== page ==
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  • Altered resting-state EEG complexity in children with Tourette syndrome: A preliminary study.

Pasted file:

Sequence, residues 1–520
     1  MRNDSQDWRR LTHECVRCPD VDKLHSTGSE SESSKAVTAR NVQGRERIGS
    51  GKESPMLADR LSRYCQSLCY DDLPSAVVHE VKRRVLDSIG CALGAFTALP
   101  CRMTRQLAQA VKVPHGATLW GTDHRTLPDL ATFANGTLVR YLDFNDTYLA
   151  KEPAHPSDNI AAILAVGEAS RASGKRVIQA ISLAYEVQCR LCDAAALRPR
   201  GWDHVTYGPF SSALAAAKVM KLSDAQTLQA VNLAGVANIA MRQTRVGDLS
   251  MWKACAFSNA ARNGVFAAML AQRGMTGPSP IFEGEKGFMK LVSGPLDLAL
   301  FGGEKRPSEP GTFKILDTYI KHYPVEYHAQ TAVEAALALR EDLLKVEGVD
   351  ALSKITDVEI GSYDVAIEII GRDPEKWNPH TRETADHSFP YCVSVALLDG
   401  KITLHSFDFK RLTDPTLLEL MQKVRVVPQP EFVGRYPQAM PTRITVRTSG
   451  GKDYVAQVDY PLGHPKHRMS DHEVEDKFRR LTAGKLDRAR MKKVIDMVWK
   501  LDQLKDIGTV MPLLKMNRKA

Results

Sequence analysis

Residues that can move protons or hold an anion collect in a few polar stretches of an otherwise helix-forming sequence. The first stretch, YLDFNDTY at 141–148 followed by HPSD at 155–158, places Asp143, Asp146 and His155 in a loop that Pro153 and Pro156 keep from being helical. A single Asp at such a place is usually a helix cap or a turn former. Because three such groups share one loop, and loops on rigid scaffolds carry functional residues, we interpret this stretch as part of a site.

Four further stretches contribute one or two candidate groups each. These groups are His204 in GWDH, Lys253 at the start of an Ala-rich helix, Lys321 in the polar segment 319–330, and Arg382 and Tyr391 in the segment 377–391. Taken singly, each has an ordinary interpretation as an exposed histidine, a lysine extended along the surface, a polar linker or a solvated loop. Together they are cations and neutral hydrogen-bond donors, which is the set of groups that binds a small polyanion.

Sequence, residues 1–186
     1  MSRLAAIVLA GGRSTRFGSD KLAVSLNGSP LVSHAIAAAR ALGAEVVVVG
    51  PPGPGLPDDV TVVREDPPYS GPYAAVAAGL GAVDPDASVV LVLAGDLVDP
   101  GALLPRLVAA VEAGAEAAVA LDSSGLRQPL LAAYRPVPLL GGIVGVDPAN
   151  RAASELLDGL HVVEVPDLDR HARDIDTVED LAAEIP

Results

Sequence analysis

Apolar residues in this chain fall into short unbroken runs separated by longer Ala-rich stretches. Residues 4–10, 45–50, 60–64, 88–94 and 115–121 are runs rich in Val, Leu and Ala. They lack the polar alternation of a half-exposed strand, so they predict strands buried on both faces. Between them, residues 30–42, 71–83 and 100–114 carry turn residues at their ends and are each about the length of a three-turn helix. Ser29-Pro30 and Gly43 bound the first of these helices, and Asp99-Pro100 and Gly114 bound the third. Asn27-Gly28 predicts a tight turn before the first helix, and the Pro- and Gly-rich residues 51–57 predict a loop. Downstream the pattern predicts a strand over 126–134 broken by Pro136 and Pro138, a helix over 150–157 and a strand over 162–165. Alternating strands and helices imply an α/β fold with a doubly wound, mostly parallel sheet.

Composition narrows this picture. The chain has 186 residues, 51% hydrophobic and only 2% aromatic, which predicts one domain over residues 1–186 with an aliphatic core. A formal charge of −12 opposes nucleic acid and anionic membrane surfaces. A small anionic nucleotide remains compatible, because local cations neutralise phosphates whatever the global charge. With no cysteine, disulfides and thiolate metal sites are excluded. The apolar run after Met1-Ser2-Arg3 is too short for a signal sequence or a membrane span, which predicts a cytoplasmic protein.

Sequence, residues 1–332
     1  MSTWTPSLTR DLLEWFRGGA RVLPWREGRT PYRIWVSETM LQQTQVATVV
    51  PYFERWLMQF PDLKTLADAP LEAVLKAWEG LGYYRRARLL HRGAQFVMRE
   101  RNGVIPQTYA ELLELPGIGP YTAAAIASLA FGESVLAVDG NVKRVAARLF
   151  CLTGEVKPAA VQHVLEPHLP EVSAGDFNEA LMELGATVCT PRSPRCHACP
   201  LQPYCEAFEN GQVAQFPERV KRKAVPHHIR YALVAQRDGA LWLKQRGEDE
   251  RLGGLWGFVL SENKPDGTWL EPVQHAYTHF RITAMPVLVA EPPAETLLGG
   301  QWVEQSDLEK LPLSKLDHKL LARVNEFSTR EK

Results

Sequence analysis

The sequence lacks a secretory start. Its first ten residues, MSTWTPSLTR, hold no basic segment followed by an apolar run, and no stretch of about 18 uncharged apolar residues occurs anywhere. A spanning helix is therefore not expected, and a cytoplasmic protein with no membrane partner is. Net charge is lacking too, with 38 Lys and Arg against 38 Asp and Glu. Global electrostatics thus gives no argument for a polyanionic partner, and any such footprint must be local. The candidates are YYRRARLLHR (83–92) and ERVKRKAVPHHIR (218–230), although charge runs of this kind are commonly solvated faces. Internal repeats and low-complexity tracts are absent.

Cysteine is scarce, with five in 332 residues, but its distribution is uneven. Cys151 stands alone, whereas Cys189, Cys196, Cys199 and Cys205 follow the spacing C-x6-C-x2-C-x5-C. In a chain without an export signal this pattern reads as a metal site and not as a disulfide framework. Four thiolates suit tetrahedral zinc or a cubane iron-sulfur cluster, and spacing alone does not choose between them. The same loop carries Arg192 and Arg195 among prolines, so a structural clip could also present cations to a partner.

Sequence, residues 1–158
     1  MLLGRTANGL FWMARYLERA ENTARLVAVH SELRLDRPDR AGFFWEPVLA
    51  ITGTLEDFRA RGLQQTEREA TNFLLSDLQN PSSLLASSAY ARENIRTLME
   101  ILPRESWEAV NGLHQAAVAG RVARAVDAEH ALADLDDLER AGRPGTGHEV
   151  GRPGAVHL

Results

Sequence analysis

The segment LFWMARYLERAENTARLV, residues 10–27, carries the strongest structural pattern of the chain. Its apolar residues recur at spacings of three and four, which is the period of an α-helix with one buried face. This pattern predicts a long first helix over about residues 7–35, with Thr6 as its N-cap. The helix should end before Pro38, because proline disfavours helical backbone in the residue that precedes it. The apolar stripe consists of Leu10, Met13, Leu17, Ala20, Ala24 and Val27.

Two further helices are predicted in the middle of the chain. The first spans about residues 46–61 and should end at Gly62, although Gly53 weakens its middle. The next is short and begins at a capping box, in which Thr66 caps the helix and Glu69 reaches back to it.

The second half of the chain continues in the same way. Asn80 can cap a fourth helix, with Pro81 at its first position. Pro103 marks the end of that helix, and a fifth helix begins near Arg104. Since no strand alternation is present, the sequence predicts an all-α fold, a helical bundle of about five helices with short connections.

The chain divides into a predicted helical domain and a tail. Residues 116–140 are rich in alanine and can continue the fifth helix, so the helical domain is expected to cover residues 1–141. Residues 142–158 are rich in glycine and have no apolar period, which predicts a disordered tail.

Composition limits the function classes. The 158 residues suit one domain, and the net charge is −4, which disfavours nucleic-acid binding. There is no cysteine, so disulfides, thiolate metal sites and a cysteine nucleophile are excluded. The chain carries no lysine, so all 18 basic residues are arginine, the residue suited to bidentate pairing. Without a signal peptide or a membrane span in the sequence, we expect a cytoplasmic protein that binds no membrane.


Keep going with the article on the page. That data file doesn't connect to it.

Objective: Tourette syndrome is a developmental neuropsychiatric disorder in children, and abnormal corticobasal ganglion connectivity is implied for the pathophysiology. Multiscale entropy, an entropy-based method to measure dynamic complexity at multiple temporal scales, is helpful to disclose the information of brain connectivity. This preliminary study investigated the complexity of resting-state electroencephalogram signals using multiscale entropy in children with Tourette syndrome. Method: Resting-state electroencephalographic (EEG) signals were analyzed by sample entropy and multiscale entropy methods in 10 children with Tourette syndrome and 10 healthy gender- and age-matched controls. Results: Except for the Fp2 channel, the complexity index values in all channels were reduced in children with Tourette syndrome compared with those in normal controls. A statistically significant reduction in EEG complexity was found in the bilateral central, parietal, occipital, and left temporal regions, indicating disturbed brain connectivity in Tourette syndrome. Although there was no difference of complexity in the higher frequency spectra, there was a statistically significant difference of complexity in lower frequency in F3 channel, pointing to the importance of examining a range of time scales in exploring EEG signals. Conclusions: Our preliminary study demonstrated that EEG complexity was significantly lower in children with Tourette syndrome than in normal controls. This difference may serve as a marker of disturbed brain connectivity in such individuals and suggests that further clinical studies are warranted. (PsycINFO Database Record (c) 2017 APA, all rights reserved)